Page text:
As sufficient cis-aconitate decarboxylase activity is crucial for itaconate production, in chapter 3 ways to increase the activity of CadA were investigated. A recently characterized cis-aconitate decarboxylase of mammalian origin was therefore expressed in E.coli. The novel cis-aconitate decarboxylase from Mus musculus encoded by immunoresponsive gene 1 (irg1) produced comparable amounts of itaconate as CadA from A. terreus. In addition, the effects of codon optimization and harmonization on enzymatic activities of heterologously expressed cadA and irg1 were studied. Codon harmonization increased the activity of CadA in cell free extracts, but this did not result in higher itaconate production in bioreactor cultures. This suggests that other factors such as itaconate transport may limit the production.

In chapter 4, proof of principle for an anaerobic fermentation process for the production of itaconic acid was obtained by using the mixed acid fermentation pathway of E. coli. Itaconic acid production was redox balanced by co-producing succinate or ethanol with H2 and CO2. Expression of cadA together with citrate synthase (gltA) and aconitase (acnA) from Corynebacterium glutamicum resulted in 0.66 mM (1.2 % Cmol) itaconate under anaerobic conditions. Unexpectedly, strains started to produce significant amounts of glutamate when the itaconate pathway was introduced. As glutamate production depends on the availability of nitrogen in the medium, a nitrogen-limited medium was tested to diminish glutamate production. This enhanced the production of itaconate to up to 2.9 mM (5.4 % C mol %). Here, anaerobic production of itaconate from glucose was reported for the first time. The observed itaconate yields and productivities were still modest. Eliminating the pathways to major by-products like glutamate, succinate, and acetate, and enhancing the pathway between pyruvate and itaconate is crucial to obtain a cost-competitive anaerobic itaconic acid process production.

To investigate how itaconate production can be improved, the insights from the previous chapters together with existing scientific literature were combined with our pathway design proposals in chapter 5. The tricarboxylic acid (TCA) cycle is an important source of precursors for biobased chemicals. The opinion article takes a closer look at the metabolic engineering of TCA cycle for the production of chemicals high yield. For most TCA cycle products the maximum pathway yield is much lower than the theoretical maximum yield. For succinate, this was solved by creating two pathways to the product, using both branches of the TCA cycle, connected by the glyoxylate shunt. A similar solution cannot be applied directly for production of compounds from the oxidative branch of the TCA cycle because irreversible reactions are involved: the conversion of acetyl-CoA and glyoxylate to malate in the glyoxylate shunt and the conversion of 2-oxoglutarate into succinyl-CoA in the TCA cycle. This way, the pathway yield for products originating from the oxidative TCA cycle branch such as citrate, itaconate and L-glutamate becomes identical to the theoretical maximum. Future research should focus on implementing these solutions in suitable production hosts, and increasing the ATP yield of the production pathways. This will minimize the oxygen requirement of the process, or even allow for anaerobic operation, and should lead to reduced operational costs and maximal product yields.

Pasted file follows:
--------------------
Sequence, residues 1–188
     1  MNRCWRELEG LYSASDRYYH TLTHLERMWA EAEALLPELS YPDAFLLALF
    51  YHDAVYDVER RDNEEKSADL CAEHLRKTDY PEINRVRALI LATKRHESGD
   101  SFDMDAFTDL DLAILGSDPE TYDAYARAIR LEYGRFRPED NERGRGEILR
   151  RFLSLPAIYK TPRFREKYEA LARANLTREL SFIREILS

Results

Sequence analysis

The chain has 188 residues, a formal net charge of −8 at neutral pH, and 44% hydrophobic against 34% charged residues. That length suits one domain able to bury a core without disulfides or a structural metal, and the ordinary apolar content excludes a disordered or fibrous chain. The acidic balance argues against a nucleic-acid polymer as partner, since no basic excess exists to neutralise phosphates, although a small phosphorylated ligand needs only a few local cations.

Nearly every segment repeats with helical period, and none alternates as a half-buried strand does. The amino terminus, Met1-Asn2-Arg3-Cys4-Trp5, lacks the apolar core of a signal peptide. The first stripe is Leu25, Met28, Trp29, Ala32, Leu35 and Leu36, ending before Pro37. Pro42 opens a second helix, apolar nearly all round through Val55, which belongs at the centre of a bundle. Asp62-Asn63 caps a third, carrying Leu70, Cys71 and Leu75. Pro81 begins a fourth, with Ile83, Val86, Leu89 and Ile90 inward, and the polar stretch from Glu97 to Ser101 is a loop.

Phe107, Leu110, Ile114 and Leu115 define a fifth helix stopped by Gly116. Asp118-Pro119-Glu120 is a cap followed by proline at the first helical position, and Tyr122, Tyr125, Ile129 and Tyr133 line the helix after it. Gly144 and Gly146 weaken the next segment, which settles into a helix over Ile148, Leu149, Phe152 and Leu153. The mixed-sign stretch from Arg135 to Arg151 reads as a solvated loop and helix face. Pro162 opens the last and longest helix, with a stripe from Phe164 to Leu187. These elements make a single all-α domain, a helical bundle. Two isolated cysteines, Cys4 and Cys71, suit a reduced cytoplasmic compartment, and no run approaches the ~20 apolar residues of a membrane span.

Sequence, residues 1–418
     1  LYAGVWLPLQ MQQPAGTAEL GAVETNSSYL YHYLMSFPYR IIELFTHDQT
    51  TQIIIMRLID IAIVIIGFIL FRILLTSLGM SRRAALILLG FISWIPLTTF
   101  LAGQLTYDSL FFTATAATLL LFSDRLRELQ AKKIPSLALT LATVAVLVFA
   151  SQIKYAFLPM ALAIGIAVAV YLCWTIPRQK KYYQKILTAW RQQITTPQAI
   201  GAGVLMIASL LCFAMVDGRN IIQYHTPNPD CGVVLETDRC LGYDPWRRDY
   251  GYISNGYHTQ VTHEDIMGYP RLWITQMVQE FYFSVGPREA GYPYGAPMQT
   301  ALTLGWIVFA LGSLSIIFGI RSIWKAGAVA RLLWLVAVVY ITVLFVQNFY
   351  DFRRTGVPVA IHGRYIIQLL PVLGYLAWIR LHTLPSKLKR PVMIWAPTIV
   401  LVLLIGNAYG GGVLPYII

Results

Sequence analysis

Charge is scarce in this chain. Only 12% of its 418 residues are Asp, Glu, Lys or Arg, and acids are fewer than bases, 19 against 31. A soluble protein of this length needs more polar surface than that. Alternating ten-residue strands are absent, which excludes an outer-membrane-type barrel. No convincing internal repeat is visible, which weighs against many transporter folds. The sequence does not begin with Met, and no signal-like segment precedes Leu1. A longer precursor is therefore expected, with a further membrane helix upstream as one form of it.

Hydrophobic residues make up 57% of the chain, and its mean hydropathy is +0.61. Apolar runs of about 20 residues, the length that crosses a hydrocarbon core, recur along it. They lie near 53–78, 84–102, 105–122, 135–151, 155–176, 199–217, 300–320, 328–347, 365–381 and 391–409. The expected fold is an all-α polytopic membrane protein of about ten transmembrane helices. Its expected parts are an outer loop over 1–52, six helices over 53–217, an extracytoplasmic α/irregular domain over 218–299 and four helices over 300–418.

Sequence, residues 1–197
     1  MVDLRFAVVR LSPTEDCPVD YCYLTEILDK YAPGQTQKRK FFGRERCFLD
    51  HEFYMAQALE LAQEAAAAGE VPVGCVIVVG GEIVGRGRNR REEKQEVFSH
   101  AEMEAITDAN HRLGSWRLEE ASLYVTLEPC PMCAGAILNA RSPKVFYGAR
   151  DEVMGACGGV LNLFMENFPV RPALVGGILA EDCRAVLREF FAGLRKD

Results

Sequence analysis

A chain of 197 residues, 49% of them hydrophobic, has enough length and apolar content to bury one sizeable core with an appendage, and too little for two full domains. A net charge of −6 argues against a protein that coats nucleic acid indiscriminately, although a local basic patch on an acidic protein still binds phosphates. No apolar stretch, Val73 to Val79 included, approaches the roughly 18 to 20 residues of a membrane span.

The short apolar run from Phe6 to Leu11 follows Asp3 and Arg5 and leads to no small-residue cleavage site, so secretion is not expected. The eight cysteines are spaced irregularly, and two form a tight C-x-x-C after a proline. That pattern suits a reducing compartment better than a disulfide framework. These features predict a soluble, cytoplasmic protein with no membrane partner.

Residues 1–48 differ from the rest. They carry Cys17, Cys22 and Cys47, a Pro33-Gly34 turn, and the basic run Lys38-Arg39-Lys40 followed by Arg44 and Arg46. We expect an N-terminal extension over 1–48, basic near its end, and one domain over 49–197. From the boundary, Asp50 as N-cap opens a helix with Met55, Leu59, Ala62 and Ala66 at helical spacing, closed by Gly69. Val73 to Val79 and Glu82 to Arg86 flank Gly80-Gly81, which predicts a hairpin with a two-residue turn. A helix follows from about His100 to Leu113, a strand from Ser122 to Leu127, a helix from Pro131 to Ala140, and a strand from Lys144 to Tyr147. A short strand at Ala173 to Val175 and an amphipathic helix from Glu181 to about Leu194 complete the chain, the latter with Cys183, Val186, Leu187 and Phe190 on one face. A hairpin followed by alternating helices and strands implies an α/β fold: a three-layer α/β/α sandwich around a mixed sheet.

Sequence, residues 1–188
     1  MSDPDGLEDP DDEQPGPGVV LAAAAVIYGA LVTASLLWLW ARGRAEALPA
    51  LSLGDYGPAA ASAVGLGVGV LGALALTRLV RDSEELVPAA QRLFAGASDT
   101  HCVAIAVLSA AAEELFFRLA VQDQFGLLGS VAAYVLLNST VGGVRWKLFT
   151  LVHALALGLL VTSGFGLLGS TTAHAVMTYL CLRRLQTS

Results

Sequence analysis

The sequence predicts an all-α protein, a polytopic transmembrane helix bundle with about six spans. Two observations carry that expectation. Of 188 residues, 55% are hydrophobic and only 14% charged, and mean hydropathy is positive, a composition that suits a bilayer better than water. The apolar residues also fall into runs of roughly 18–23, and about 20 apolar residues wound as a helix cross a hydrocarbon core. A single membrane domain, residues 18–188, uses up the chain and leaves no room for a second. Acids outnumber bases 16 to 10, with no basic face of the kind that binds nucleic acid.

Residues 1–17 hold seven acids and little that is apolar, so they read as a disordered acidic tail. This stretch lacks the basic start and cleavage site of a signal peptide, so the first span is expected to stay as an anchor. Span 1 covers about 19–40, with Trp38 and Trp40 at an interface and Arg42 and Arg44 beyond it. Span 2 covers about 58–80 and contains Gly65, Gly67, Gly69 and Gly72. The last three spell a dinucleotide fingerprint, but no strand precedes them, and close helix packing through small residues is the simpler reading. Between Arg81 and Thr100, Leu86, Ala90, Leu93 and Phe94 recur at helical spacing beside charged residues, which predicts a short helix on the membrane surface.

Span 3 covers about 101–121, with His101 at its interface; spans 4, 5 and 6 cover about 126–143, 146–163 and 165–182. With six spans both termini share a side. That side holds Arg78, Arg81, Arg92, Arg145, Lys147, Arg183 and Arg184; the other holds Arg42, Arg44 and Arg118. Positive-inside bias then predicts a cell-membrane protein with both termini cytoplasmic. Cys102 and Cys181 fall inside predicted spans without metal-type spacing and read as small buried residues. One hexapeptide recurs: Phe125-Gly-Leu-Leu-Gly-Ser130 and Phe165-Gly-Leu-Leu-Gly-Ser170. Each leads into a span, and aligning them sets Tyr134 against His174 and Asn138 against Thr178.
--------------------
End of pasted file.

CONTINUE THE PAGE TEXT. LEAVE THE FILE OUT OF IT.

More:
In chapter 6 the implications of the overall results of this thesis for the current research status of itaconate production are presented. Solutions to optimize itaconate production strains and production process were proposed.

Aqueous fractionation yields chemically stable lupin protein isolates
Berghout, J.A.M. ; Marmolejo-Garcia, C. ; Berton-Carabin, C.C. ; Nikiforidis, C.V. ; Boom, R.M. ; Goot, A.J. van der - \ 2015
Food Research International 72 (2015). - ISSN 0963-9969 - p. 82 - 90.
in-water emulsions - seed oil bodies - oxidative stability - antioxidant properties - lipid oxidation - physicochemical properties - functional-properties - quality - acids - polysaccharides